From boat school I headed southwest to Mystic, Connecticut to visit my old college pal Ben Philbrick. When Ben left Prescott College back in the mid-1970s, it was to get back closer to boats and the ocean and do an independent study on boatbuilding. He applied to a few different places, but the only positive response he got was from some old guy at Mystic Seaport named John Gardner.
[pause for that to sink in]
Yeah. John Gardner, the guy who single-handedly started the movement from the dying trade of commercial small wooden boatbuilding to the modern trade of recreational small wooden boat building. The guy who captured the lines of all those disappearing small boats, brought many of the boats to Mystic (the world’s largest collection), and wrote all those books about how to build those boats. One of Gardner’s pupils, Jon Wilson, went on to found WoodenBoat Magazine and WoodenBoat School. So Ben ended up being John Gardner’s final helper/apprentice at Mystic. Wow. He is still in awe. Ben then went on to run his own boatshop for many years and lives not far from the seaport on an old three-story house on the hill overlooking the sea. Great to catch up and listen to stories.
I spent a couple days at the annual WoodenBoat Show hosted at Mystic Seaport. It was a bit more than my poor aging brain could absorb. So many incredible boats, so many details that I want so badly to steal. And the trade show guys took away a lot of my money in exchange for some very cool tools and technology.
Class act power boat.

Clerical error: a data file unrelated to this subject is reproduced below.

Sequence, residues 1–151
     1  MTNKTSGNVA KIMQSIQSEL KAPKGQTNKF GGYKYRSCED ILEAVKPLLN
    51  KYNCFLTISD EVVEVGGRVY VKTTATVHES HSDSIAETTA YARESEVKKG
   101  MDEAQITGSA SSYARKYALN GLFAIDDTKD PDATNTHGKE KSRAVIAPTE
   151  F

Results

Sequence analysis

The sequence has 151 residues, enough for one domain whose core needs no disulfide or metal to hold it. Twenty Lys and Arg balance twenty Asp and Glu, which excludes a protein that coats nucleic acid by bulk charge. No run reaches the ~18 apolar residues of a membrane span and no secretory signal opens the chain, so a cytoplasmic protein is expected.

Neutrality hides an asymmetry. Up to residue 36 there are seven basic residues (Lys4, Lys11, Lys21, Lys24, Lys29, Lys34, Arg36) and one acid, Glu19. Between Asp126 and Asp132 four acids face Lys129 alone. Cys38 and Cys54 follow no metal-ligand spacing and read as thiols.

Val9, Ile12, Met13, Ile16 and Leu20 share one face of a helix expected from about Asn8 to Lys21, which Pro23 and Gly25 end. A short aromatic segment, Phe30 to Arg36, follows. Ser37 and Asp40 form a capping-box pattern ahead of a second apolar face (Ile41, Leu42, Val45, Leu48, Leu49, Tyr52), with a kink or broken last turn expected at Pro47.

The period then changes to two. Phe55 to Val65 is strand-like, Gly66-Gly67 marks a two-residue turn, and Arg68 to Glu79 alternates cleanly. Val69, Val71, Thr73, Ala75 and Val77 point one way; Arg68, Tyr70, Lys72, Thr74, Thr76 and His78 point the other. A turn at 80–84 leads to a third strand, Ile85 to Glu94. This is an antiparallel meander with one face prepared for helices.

An inner city boatbuilding club (how cool is that?) with a steam bender very reminiscent of the one we invented in New Zealand.
I want rope gunwales on my dory.
Center motor well in a cool little dory.
One of my new friends from WoodenBoat School, Geoff Kerr, was there with his Caledonia Yawl Ned Ludd. Geoff was at boat school a week prior painting a new yawl for the school fleet. I fell in love with the hull. This means I may need to learn to sail. Oh great. I really need a new obsession.
Oh yeah. Mystic has a fine collection of bowsprits. My dory may not really need one of these, but I want one anyhow.
And one cannot leave out Mecca:
They opened up the Mystic Small Boat Collection and Ben Fuller gave a tour. Two huge old warehouse rooms full, three boats high in places, of crazy wild boats. This blew out the very last of my brain. All the seminal boats that I’ve known about, read about, studied in John Gardner’s books. All those cool dories that are in The Dory Book. There they are. In the flesh. OMG.